The Last Light of the Sun

by Guy Gavriel Kay

Cover image

Publisher: Roc
Copyright: March 2004
ISBN: 0-451-45965-2
Format: Hardcover
Pages: 501

Buy at Powell's Books

Epic fantasy has a specific definition for me when I'm being precise, above and beyond the idea of a large, sprawling medieval world with magic. It is fantasy told in a particular mode, where the sweep of history moves through the story as something close to a character in its own right. It's a story about passions, about victory and loss and the clash of nations, traditions, and worlds. Characters in epic fantasy are significant to the world, doing great deeds, shaping and changing the future.

Epic fantasy is not where I look for realistic stories about average people in a different world or age. It often doesn't show you the mud, the rain, the stench, or the midden. Its characters may be unrealistically central to world events. It is, in short, stories about Great Things, about heroes and monsters and battle and high romance.

Guy Gavriel Kay is perhaps the best living writer of epic fantasy, and The Last Light of the Sun is up to his usual standards. However, this does mean that one has to be in the mood to read epic fantasy to enjoy it.

Set in the same alternate world as The Lions of Al-Rassan and The Sarantine Mosaic, The Last Light of the Sun takes place in that world's British isles, among the Celtic (Welsh to be precise), Anglo-Saxon, and Norse people, among warriors and raiders and cattle thieves, tribal people with varying kings. As usual, Kay casts the net of his plot far and wide, following Norse, Welsh, and Anglo-Saxon characters alike, men and women, through exile, raids gone bad, the demands of being the daughter of a king, and thwarted revenge. There are a lot of characters here, and a lot of plot strands; at first, perhaps slightly too many. In the background, one senses the slow march of growing civilization as power is concentrated in fewer kings who build up better defenses against raids. An analog of Christianity, the worship of a sun god, is also driving out older, more native beliefs.

And, for every moment of it, Kay doesn't let you forget that this is epic fantasy. The language of the story, flowing and easy to read, nonetheless has an elevated tone best suited for describing events of historic significance. The narrator doesn't leave events lying on the page, but instead shows you the characters' musings, points out the key moments, and digresses for short passages on the nature of heroism, the course of events, and the emotional significance of what has happened. This novel exudes epic from every page.

That's the most likely criticism of this book. The plot is frequently subtle; the tone is not. I can see the argument that it's trying too hard, but it works for me. It reminded me of Beowulf, of epic sagas that similarly weren't shy about calling out the greatness of the story. Given the history from which Kay is drawing, this felt fitting to me. It is a tone that takes a bit of getting used to, and if you fight against it, the book is likely to be frustrating. One has to go with the flow of the language, be drawn into the emotions of the tale, and imagine the sound of the storyteller's voice.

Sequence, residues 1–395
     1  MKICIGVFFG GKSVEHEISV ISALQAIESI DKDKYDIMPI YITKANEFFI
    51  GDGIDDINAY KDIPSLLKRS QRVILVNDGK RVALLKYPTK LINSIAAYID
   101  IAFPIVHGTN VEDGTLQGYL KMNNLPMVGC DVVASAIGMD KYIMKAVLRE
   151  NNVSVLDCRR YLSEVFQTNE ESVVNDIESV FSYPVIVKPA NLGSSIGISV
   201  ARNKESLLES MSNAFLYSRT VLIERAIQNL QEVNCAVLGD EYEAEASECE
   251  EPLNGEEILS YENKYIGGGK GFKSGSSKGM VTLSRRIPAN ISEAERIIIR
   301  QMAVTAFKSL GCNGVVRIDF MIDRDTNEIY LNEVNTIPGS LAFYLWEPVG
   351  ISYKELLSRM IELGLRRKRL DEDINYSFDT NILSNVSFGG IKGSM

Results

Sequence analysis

The plot is refreshingly free of any final villain. Instead, among occasional interludes from the perspective of supporting or incidental characters, it picks out a Welsh prince, a Welsh priest, an Anglo-Saxon king and his daughter, and a Norse raider, and follows them through their lives, into conflict and complex alliances. There's only one truly evil character, and he isn't the point of the story. Instead, the conflict mostly comes from politics and tribal animosity, past events, and partly from the influence of faerie.

While, alas, only the seelie appear and all too briefly for me, Kay's fairies are a delight. He strikes a balance between delicacy and a very inhuman outlook, and with just a few scenes he gives a hint of a culture that is very much other, concerned with far different matters than humanity. I love how Kay handles other worlds and the touches of the magical and fantastic in his books. He makes them wonderous and grave, avoiding the mechanical and analyzable (another sign, to me, of epic fantasy). The conflict between the sun god worship and the older native beliefs, embodied in faerie, is handled with a nice bit of two-sided storytelling, contributing to the sense that there is little right and wrong in this story, just different points of view. It's rather hard to manage this when one contradicts one of the doctrines of the sun god religion in the course of the story, but Kay confronts that head-on and pulls it off anyway. Very impressive.

There are so many different characters (the dramatis personae is useful at the beginning of the story), so widely scattered, that I wasn't sure if Kay was going to manage to pull everything together, but he does wonderfully in the end (with a quibble over the ease of resolution of the faerie subplot). I've never read a Kay novel that didn't leave me emotionally overwhelmed by the ending, and this one is no exception.

This is the sort of book where I think one's enjoyment depends greatly on whether you're in the mood to read what it offers. The Last Light of the Sun is not a flexible book or one that fits itself to the reader's mood. It's epic fantasy of a particular style, is proud of it, and insists on being read in that mode. I recommend saving it for when that's what you want to read, and avoiding it if you don't like that sort of thing at all. If you haven't liked any of Kay's previous work, this book won't convert you. For the right mood, though, it's magic, unhampered by its few slight flaws. Highly recommended.

Rating: 9 out of 10

Reviewed: 2005-06-30

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